You are in in my prayers!

Christine Sine August 14, 2014 - 8:18 am

Thanks Kristyn for these suggestions. We have thought of inviting them to our next potluck as I mentioned and some of the neighbours think they know who the vandals are so hopefully we can connect in a reconciling spirit and as you said “melt their hearts”

Jamie Arpin-Ricci August 14, 2014 - 7:16 am

One day, while St. Francis was away, a group of bandits confronted and threatened the other friars, demanding that they give them something to eat. Brother Angelo boldly stepped forward and rebuked them: “You wicked men! It’s not enough that you would shamelessly rob others of the fruits of their hard labor, but now you have the audacity to demand food from us friars—food designated to support the servants of God! You should be ashamed!”

Angry and insulted, but ultimately fearing God’s judgment, the bandits left empty-handed.
Later that day, when Francis returned, he was carrying a sack of bread and a jug of wine that had been given to him to share among the brothers. When Angelo proudly told Francis of his brave rebuke, he was shocked to find that it made Francis very upset. “How could you have acted so cruelly to our brothers?” Francis demanded. “You know that sinners are more likely to re- turn to the Father though meekness than a harsh scolding. Have I not made it clear? ‘Let whoever may approach us, whether friend or foe, thief or robber, be received kindly.’”

Taking the sack of bread and jug of wine, the only food available to the brothers that day, Francis gave them to Angelo and commanded him to find the robbers. He was to offer them the bread and wine, begging on bended knees for their forgiveness for his cruel rejection. Once he had done that, he should then admonish those men to refrain from thievery and violence, to fear God and to love their neighbors. Francis commanded Angelo to tell the robbers that if they would cease their wickedness, he would take care of all their needs in the future. While Brother Angelo went in search of the bandits, Francis prayed and begged the Lord to soften the hearts of the bandits and turn them toward repentance.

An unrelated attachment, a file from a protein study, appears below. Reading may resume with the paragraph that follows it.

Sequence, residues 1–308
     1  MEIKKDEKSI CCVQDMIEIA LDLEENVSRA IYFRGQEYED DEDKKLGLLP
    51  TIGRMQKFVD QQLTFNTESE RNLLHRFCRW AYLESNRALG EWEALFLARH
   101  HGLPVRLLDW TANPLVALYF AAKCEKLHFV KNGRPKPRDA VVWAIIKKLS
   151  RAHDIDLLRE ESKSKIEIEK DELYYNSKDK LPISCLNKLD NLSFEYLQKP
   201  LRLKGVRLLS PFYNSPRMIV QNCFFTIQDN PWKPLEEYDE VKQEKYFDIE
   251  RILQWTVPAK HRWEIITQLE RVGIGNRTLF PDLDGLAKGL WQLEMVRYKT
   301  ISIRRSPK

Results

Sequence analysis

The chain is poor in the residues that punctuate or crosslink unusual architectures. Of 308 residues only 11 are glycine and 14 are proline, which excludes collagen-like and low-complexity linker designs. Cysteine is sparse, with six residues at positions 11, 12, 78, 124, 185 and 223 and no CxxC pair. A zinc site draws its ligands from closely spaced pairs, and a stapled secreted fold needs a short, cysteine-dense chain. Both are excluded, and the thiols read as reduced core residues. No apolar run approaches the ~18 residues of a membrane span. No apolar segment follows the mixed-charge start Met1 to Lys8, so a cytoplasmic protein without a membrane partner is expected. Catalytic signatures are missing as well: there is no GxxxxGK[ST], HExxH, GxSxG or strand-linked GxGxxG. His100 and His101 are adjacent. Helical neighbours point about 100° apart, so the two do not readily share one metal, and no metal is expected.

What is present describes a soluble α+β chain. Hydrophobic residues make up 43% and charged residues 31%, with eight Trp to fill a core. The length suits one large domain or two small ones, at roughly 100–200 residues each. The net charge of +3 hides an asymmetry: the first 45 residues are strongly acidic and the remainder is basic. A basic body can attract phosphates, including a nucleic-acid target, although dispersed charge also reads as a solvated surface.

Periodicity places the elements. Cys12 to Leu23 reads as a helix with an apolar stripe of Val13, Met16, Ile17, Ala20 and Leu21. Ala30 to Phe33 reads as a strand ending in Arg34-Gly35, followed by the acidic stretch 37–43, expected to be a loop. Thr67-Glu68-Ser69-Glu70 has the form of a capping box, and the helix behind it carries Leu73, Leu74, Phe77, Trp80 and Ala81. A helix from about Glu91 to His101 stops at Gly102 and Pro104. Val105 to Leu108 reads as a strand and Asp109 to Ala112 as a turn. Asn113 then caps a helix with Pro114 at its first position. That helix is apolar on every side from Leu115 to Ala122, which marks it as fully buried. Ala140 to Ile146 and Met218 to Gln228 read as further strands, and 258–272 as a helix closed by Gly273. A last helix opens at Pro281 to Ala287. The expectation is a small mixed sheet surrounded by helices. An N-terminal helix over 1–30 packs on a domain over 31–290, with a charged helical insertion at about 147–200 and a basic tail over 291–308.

Upon finding the robbers, Angelo did all that Francis had commanded—he fed them, repented of his cruelty, encouraged them to change their ways and promised that if they did, Francis would care for all their needs. As they ate their food in front of the humbled and hungry friar, the men were convicted of their selfish and violent ways. They returned to Francis with Angelo, ready to start a new life of obedience to God to the astonishment of all the brothers.

Christine Sine August 14, 2014 - 7:23 am

Amen – thanks for sharing this beautiful story. How we respond when we are badly treated says a lot about our ability to love.

charlie1955 August 23, 2014 - 12:11 pm

Recent events in Ferguson MO have lead me to ponder the myth of “redemptive violence” and how our culture glorifies that myth. Your story, and the story of St. Francis, are powerful testimonies that Our Lord offers another way.
I offer my prayers for you, but especially I offer my prayers for the vandals, that they may come to know in their hearts, the Prince of Peace.

Christine Sine August 25, 2014 - 8:26 am

Thanks Charlie. I think you are right. When we respond to violence with more violence it only perpetrates an unjust system.

wmccaig September 8, 2014 - 6:18 pm

Love this story. Especially the images. What an amazing gift to have found that last cross. A forever symbol of God’s call to restorative practices. I would love to know which of the opening ideas were implemented. They are all beautiful ideas.

Christine Sine September 8, 2014 - 6:31 pm

Thanks Wendy. It really was amazing and very special to have that cross. We are still talking about possibilities. I will certainly let everyone know when we come to some concrete decisions.